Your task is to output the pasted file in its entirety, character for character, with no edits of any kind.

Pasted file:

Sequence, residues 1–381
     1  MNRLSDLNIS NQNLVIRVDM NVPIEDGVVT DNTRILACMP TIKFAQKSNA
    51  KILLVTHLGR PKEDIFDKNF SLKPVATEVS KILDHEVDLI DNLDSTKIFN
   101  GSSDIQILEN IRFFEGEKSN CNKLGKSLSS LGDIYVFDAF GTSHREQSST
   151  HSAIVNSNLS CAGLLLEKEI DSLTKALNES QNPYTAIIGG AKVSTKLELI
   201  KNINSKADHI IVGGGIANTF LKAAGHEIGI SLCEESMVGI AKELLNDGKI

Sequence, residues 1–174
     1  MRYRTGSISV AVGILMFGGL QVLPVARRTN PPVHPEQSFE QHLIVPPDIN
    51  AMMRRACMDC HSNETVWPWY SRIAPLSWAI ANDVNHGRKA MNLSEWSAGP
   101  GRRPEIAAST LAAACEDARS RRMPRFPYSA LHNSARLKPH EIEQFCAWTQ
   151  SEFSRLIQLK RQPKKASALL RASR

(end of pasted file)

Sequence, residues 1–381
     1  MNRLSDLNIS NQNLVIRVDM NVPIEDGVVT DNTRILACMP TIKFAQKSNA
    51  KILLVTHLGR PKEDIFDKNF SLKPVATEVS KILDHEVDLI DNLDSTKIFN
   101  GSSDIQILEN IRFFEGEKSN CNKLGKSLSS LGDIYVFDAF GTSHREQSST
   151  HSAIVNSNLS CAGLLLEKEI DSLTKALNES QNPYTAIIGG AKVSTKLELI
   201  KNINSKADHI IVGGGIANTF LKAAGHEIGI SLCEESMVGI AKELLNDGKI

Sequence, residues 1–174
     1  MRYRTGSISV AVGILMFGGL QVLPVARRTN PPVHPEQSFE QHLIVPPDIN
    51  AMMRRACMDC HSNETVWPWY SRIAPLSWAI ANDVNHGRKA MNLSEWSAGP
   101  GRRPEIAAST LAAACEDARS RRMPRFPYSA LHNSARLKPH EIEQFCAWTQ
   151  SEFSRLIQLK RQPKKASALL RASR